Startups founders frequently choose to make their companies LLCs, which ends up causing a number of issues as the move forward.  I recently came across the Startup Law blog and the author has a number of really good articles about business entities.  Below is an excerpt from a fairly comprehensive one on the pluses and minuses of different company formations.

Image Courtesy of JBrazito

Image Courtesy of JBrazito

Choice of Entity/Significant Tax and Other Considerations

The following is a high level summary of some of the more important federal income tax and non-tax considerations involved in choosing between doing business as an entity taxed for federal income tax purposes as:

  • a C corporation (C Corp);
  • an S corporation (S Corp); and
  • a partnership (such as a multi-member limited liability company (LLC) that hasn’t checked the box to be taxed as a corporation).

C Corporations v. S Corporations

C Corporation Advantages/S Corporation Disadvantages

  • Traditional Venture Capital Investments Can Be Made – C corporations can issue convertible preferred stock, the typical vehicle for a venture capital investment.  S corporations cannot issue preferred stock.
  • Investors Won’t Be Taxed on the Entity’s Income and Receive A Form K-1 – Many investors will refuse to invest in a company if they will be taxed on the company’s income and will receive a Form K-1 reporting such income to them as a result of the investment. This is not the case with C corporations, but it is the case with S corporations.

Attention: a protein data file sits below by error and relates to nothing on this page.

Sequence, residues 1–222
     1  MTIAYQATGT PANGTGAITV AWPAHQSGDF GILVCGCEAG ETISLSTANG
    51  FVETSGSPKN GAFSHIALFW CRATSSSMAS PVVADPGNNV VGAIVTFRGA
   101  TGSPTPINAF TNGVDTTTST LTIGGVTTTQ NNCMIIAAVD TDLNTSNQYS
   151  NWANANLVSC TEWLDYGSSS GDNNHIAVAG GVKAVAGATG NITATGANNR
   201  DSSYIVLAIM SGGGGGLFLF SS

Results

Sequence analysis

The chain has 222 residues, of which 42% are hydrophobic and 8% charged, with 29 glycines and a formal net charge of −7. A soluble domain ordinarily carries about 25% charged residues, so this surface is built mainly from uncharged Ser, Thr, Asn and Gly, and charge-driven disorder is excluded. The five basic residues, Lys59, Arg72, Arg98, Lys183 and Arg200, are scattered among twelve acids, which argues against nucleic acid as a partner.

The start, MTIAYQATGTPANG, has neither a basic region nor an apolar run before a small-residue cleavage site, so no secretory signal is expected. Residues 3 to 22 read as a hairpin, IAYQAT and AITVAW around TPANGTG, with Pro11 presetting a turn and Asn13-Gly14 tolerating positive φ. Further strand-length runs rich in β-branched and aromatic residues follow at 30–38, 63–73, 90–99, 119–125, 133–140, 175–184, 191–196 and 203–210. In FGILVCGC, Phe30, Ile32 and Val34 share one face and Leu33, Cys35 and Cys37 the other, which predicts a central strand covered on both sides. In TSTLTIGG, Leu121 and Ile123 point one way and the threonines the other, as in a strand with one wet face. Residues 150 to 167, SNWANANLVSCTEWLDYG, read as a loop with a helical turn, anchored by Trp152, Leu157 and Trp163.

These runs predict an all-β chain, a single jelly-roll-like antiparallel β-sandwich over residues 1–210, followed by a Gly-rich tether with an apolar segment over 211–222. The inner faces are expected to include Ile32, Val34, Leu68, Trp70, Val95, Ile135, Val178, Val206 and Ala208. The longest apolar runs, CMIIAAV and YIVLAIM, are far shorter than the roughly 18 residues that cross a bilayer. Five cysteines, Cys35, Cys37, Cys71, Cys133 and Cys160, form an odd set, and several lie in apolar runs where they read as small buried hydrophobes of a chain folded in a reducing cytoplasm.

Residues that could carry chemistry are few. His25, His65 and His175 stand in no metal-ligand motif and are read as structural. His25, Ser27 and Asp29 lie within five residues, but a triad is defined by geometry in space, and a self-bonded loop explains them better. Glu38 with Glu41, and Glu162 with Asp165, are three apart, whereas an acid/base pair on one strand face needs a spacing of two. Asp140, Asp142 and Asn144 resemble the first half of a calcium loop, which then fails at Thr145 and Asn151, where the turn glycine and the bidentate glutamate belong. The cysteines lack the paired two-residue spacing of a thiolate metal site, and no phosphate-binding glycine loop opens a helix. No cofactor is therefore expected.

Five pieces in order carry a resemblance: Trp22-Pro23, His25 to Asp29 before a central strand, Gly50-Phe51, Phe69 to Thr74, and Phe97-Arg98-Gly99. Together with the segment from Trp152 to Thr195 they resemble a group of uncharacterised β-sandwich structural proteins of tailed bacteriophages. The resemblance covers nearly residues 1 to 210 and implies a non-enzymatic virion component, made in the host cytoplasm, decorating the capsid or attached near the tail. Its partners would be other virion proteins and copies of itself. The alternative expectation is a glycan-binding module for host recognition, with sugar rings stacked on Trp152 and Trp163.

• Retention of Earnings/Reinvestment of Capital – Because a C corporation’s income does not flow or pass-through to its shareholders, C corporations are not subject to pressure from their shareholders to distribute cash to cover their shareholders’ share of the taxable income that passes through to them.  An S corporation’s pass-through taxation may make conservation of operating capital difficult because S corporations typically must distribute cash to enable shareholders to pay the taxes on their pro rata portion of the S corporation’s income (S corporation shareholders are taxed on the income of the corporation regardless of whether any cash is distributed to them).
  • Eligibility for Qualified Small Business Stock Benefits – C corporations can issue “qualified small business stock.”  S corporations cannot issue qualified small business stock, thus S corporation owners are ineligible for qualified small business stock benefits, such as the 50% gain exclusion for gain on the sale of qualified stock held for more than five (5) years (for an effective capital gains rate of 14%) and the ability to roll over gain on the sale of qualified stock into other qualified stock.

Until the end of 2013, individuals receiving “qualified small business stock” from C Corps may be able to take advantage of the 100% exclusion from tax (up to $10M in gain), including AMT, under Section 1202 of the IRC, if they hold the QSBS for longer than 5 years. This is a significant potential benefit not available for S Corps.